Disclaimer. Don't rely on these old notes in lieu of reading the literature, but they can jog your memory. As a grad student long ago, my peers and I collaborated to write and exchange summaries of political science research. I posted them to a wiki-style website. "Wikisum" is now dead but archived here. I cannot vouch for these notes' accuracy, nor can I even say who wrote them. If you have more recent summaries to add to this collection, send them my way I guess. Sorry for the ads; they cover the costs of keeping this online.
Chong, Citrin, and Conley. 2001. When self-interest matters. Political Psychology 22: 541-57.
Those individuals with a clear self-interest on an issue hold positions according to this interest while those without a clear self-interest are more likely to be swayed by sociotropic arguments.
The authors argue that self-interest has often been shown to have only a weak impact on policy orientation in past studies, which they find puzzling given the centrality it plays in so many arguments about voting behavior. They define self-interest as "the tangible, relatively immediate, personal or family benefits of a policy," (542) taking a narrow approach. They argue that in instances where people have a clear stake, or when they are primed to think in a self-interested manner, they will tend to behave more self-interestedly. When they are primed to behave sociotropically, or have less of a stake in an issue, they are more likely to be swayed by values.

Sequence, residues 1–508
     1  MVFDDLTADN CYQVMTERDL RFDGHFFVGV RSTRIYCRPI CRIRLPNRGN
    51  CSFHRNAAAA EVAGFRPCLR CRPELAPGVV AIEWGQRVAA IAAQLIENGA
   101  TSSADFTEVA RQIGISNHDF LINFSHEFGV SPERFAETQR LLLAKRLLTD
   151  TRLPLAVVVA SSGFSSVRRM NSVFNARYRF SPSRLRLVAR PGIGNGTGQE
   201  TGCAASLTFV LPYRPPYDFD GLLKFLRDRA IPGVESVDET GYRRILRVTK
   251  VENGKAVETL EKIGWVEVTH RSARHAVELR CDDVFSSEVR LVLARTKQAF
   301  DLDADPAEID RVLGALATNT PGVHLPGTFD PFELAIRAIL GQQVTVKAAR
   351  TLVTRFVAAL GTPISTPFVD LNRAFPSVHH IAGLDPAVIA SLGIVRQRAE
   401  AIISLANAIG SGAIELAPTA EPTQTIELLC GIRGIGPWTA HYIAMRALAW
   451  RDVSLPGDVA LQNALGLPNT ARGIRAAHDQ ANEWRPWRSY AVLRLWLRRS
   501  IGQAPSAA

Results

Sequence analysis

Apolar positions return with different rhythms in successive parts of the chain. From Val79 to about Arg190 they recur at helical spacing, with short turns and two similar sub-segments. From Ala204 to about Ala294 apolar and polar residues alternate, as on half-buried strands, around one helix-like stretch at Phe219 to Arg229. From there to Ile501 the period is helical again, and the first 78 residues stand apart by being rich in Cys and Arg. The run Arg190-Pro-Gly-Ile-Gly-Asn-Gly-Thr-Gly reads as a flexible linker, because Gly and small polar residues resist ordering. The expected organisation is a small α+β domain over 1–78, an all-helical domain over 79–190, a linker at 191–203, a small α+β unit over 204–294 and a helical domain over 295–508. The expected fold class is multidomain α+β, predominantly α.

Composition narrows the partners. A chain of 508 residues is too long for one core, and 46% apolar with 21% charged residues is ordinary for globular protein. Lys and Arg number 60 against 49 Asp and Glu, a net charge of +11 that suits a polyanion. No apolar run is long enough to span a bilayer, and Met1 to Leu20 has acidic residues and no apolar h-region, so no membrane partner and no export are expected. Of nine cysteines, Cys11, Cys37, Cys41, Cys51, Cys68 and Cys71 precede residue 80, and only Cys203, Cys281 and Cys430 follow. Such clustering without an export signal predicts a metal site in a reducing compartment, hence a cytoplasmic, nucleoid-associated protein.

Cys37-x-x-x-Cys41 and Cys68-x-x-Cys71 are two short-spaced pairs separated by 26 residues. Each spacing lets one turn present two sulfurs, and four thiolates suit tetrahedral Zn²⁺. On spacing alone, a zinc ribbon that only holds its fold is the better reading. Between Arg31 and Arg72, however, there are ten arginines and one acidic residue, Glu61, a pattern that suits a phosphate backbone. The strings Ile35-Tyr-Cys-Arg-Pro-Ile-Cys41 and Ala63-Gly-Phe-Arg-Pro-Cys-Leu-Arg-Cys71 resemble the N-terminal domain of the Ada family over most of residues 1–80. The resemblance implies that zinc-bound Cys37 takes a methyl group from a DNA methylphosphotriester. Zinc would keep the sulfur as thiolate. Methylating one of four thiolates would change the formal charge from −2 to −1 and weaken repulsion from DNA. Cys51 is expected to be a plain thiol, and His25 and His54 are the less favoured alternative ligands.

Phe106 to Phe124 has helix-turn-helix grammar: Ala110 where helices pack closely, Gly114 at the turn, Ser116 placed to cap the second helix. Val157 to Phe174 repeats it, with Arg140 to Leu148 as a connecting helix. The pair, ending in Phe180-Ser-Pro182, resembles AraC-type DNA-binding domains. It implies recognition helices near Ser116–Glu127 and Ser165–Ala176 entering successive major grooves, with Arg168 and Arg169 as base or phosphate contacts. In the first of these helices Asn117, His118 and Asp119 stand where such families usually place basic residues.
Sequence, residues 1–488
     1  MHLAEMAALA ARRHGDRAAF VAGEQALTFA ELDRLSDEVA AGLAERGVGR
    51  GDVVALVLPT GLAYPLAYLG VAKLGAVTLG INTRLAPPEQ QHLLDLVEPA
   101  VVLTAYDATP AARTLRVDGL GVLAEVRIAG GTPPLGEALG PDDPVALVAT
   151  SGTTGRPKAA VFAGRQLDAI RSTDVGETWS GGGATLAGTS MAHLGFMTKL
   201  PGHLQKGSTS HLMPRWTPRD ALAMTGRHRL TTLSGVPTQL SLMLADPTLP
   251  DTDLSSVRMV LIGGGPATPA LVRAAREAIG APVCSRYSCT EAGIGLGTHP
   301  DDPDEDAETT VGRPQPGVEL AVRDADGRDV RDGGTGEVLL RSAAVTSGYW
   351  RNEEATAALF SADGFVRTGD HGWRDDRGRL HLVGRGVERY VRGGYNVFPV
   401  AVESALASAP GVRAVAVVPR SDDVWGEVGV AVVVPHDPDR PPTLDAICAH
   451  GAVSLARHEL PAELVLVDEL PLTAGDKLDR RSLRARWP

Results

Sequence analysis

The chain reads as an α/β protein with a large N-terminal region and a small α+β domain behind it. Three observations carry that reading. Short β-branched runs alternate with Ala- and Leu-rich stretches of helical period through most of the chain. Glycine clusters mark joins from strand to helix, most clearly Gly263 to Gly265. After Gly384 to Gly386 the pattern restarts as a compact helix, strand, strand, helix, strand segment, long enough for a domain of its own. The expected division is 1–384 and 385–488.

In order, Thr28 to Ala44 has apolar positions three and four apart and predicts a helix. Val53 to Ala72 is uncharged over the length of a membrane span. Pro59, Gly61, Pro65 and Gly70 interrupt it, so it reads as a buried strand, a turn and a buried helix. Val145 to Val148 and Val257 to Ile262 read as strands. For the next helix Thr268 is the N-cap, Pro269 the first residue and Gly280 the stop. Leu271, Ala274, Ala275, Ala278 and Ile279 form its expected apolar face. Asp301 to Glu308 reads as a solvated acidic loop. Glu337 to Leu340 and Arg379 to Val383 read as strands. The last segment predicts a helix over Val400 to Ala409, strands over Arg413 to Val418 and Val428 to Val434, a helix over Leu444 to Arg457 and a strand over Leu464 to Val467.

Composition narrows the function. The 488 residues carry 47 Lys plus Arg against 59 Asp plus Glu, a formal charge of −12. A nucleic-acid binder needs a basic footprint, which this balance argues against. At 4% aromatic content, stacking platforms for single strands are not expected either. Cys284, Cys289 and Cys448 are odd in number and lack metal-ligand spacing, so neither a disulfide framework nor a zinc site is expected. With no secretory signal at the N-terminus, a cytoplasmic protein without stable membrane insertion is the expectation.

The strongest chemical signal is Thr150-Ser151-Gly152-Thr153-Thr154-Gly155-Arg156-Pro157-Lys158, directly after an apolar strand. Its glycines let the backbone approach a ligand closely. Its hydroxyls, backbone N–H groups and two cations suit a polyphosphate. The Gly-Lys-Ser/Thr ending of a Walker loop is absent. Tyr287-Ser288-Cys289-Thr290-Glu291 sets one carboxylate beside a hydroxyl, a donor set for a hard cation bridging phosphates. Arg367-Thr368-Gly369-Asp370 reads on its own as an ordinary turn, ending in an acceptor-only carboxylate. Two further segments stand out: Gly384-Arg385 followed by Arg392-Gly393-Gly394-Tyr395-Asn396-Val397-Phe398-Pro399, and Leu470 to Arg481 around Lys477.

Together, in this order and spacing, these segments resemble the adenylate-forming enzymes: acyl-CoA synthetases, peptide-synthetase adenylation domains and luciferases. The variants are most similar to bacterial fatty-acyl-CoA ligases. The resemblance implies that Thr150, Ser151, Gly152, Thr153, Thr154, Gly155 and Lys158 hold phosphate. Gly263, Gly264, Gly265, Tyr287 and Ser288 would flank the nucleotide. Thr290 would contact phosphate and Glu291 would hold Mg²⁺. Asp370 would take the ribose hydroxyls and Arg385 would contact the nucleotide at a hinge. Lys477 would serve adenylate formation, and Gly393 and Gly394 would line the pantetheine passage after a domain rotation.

A random sample of Americans were asked using a telephone survey about Social Security reform, the home mortgage interest tax deduction and health care benefits. Also, they were asked about issues related to their objective self-interest in the issue and then their subjective evaluation of their self-interest. Some individuals received self-interest priming prompts, some received sociotropic priming prompts, and some received no prompt before answering the survey questions.
The clearer the stakes, the less individuals can be manipulated by symbolic appeals. Non-beneficiaries, however, may be able to be motivated through symbolic appeals, and winning coalitions may use both of these methods.
Just as the study included separate prompts for the sociotropic response in opposite directions for the mortgage issue, they probably should have done the same for the other issues. By muddling the two directions together in the other instance, they diluted possible observations that could have been made about the impact of sociotropic cueing.
Research on similar subjects